Diabetes: Protect Your Feet and Legs
Foot and leg problems are a common diabetes complication, but taking the proper precautions can prevent up to half of all diabetes-related amputations.
By Lynn Yoffee
Medically reviewed by Pat F. Bass III, MD, MPH
If you have diabetes, you are more likely to develop leg and foot problems than those without this disorder. Diabetes can destroy nerves and cause you to have poor circulation. Left unchecked, these complications can lead to amputation. But there's a lot that you can do to prevent amputation.
Diabetes: Causes of Limb Problems
First, it's important to understand what causes these diabetes complications. Researchers are still uncovering the reasons, but they know that when you have high blood glucose levels, it can cause nerve damage called diabetic neuropathy. The damage can occur in any part of your body, but it is most common in your arms and legs, with the lower extremities affected first. This type of nerve damage is known as peripheral neuropathy. Some people have no symptoms, while others experience numbness, tingling, burning, sharp pain, cramps, extreme sensitivity when touched, and a loss of coordination and balance.
When you have peripheral neuropathy, small sores can go unnoticed because of the numbness — you simply don’t feel them. Left untreated, these little problems can become major infections that invade the bones. What’s more, poor circulation from diabetes means any ulcers and infections are harder to heal. If an infection invades your bones, then amputation could be required to save your life.
Here are some of the foot and leg problems related to diabetes that can lead to amputation if not treated promptly:
• Blocked blood vessels can occur in your leg below the knee when there is poor circulation from diabetes. Vascular surgery is usually needed to unblock them and restore circulation, but it is not always successful.
• Bunions and hammertoes may be caused by nerve damage. If they aren't treated, more ulcers (sores) can develop.
• Calluses and corns can result from ill-fitting shoes. Treat these early or they can become ulcers.
• Charcot foot is a foot deformity caused by neuropathy. An absence of pain could lead you to continue to walk on a broken bone, and then complications can develop.
• Cracked, dried skin might not seem like a big deal, but the cracks can turn into ulcers that won't heal.
• Nail problems such as ingrown toenails or fungal infections can also turn into ulcers.
• Osteoporosis can develop due to neuropathy and poor circulation. Brittle bones are more apt to break easily.
Diabetes: 13 Steps to Prevent Amputation
Fortunately, the National Institute of Diabetes and Digestive and Kidney Diseases reports that as many as half of all amputations related to these foot and leg complications can be prevented if the problems are caught early.
The American Diabetes Association points out that if you're a smoker, quitting is the first and best way to prevent an amputation. Smoking decreases the blood flow in the small blood vessels of your legs and feet, making it difficult for wounds to heal.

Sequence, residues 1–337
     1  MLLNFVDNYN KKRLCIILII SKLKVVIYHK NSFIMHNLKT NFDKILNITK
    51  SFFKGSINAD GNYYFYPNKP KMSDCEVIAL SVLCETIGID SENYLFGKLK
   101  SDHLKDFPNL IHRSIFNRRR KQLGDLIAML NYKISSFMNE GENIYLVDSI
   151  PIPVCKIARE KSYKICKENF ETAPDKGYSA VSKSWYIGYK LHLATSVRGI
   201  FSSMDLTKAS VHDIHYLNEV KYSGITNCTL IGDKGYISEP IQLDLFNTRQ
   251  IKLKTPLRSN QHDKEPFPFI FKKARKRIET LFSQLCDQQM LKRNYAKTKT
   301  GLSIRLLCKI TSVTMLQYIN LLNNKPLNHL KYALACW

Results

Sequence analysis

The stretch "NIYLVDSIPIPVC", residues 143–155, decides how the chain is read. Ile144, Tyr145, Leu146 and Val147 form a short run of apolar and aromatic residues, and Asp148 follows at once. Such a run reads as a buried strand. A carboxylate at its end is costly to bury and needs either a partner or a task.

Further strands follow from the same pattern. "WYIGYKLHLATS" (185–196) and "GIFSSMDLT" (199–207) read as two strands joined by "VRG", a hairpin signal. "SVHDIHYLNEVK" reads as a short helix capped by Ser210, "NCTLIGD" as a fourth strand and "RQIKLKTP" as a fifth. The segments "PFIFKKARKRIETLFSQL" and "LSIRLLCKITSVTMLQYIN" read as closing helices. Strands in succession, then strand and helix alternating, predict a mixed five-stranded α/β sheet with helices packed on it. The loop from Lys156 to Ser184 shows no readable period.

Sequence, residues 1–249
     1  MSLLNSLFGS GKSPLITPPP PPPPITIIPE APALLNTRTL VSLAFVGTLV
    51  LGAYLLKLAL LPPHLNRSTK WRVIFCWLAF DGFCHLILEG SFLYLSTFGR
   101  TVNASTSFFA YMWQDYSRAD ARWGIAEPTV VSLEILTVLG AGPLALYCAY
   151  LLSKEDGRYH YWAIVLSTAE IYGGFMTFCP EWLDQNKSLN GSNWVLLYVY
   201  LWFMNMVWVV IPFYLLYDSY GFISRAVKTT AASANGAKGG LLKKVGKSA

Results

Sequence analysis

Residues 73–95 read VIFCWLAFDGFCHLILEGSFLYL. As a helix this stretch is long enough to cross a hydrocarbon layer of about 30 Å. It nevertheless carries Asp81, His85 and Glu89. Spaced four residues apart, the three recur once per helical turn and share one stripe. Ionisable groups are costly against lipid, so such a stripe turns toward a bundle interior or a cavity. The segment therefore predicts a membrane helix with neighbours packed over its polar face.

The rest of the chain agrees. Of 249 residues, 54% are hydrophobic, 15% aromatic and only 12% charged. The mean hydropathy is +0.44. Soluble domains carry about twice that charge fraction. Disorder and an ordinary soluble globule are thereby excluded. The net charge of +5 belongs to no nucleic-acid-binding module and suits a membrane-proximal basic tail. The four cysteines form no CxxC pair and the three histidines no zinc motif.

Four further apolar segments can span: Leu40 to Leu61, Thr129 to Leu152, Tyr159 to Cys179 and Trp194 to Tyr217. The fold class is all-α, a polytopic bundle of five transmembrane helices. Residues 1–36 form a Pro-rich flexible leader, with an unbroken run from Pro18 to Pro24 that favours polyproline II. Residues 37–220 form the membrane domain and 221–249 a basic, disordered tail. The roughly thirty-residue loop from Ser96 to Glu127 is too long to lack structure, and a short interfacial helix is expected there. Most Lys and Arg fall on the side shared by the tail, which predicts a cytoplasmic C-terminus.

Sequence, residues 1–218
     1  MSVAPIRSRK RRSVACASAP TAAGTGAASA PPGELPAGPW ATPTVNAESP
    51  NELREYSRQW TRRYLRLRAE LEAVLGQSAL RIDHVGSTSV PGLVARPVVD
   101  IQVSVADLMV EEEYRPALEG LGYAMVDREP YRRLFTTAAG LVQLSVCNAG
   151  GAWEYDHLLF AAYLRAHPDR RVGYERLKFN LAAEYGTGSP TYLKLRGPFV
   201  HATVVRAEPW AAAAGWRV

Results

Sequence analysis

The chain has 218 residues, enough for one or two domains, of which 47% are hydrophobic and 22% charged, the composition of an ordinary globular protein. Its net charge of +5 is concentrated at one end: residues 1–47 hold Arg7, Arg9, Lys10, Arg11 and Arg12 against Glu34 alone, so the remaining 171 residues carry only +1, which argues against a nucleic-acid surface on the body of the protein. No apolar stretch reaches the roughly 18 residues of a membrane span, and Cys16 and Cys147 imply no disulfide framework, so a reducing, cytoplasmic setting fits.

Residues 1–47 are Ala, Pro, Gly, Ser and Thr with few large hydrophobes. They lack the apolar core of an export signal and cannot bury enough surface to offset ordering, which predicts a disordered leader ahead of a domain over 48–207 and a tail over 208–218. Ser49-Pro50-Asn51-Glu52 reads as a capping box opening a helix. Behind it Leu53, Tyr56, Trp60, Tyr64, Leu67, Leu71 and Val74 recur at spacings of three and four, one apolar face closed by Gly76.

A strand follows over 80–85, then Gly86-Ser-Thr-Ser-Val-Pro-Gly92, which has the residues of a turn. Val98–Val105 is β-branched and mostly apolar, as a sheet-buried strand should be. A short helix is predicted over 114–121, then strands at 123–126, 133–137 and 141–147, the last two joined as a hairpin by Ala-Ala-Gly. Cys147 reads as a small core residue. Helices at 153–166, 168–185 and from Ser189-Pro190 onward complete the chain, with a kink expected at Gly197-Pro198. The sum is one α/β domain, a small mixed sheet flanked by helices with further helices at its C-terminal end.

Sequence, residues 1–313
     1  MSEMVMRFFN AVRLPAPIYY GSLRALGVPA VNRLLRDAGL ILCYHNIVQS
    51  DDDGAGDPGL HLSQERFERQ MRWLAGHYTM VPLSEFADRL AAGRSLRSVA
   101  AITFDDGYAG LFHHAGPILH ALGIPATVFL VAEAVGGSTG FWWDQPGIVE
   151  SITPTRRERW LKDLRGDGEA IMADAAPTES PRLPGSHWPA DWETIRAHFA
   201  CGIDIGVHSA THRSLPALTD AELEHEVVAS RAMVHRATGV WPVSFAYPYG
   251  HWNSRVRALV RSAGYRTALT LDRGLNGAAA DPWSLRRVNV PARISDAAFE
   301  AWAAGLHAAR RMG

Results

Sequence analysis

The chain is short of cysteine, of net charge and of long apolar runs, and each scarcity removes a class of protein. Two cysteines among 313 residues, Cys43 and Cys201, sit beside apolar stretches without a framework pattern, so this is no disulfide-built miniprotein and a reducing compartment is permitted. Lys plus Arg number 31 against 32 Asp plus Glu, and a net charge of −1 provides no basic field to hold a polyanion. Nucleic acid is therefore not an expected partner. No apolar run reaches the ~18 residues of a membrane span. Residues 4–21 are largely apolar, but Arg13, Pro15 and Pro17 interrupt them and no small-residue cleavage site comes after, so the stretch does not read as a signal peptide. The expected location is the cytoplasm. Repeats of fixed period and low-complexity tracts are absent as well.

Here are 12 more steps that you can take to prevent an amputation:
• Examine your feet every day. Check for anything out of the ordinary, from cuts and redness to a change in nail color. Even a loss of hair on your toes should be noted. You should also pay attention to the color of your feet and toes. If they turn purple, red, or pink, especially when you are sitting with your legs hanging free, you may have poor circulation.
• If you discover any swelling, redness, pain, tingling, or numbness, call your doctor. Any pain in your legs after a little activity or at night can be a sign of a blocked artery — call your doctor immediately.
• Be sure your doctor examines your feet at least once a year or whenever you notice a problem.
• Carefully wash your feet in lukewarm water daily. Use a soft towel to dry them, including between the toes. Use lotion or cream to soften callused areas. If your feet perspire, use a non-medicated powder to keep them dry and prevent skin breakdown.
• Don't use alcohol, hydrogen peroxide, astringent, or iodine on your feet.
• See a professional for nail clipping, especially if you have any problems with your feet, such as numbness or hard nails.
• Don't treat your feet with over-the-counter callus and corn remedies, and don't trim those growths yourself.
• Keep the floor at home or work clutter free to avoid accidents.
• Look at your socks for blood spots or other fluids. White socks are the best choice.
• Select comfortable, sturdy shoes that fit right. Wear new shoes for just an hour or two at a time to break them in so that you won't develop sore spots.
• Before putting on your shoes, check them for little stones or tears that could irritate your feet.
•?????????Generally, try to avoid anything that can hurt your feet. This can run the gamut from socks that are too tight or those with seams that can cause irritation to avoiding hot water, heating pads, and electric blankets which might burn a numb area of skin without your being aware of it. Going barefoot can leave feet vulnerable to cuts, puncture wounds, and splinters.
Take these preventive steps — and be vigilant about them — and you'll have an excellent chance of avoiding many of the diabetes complications that can lead to amputation.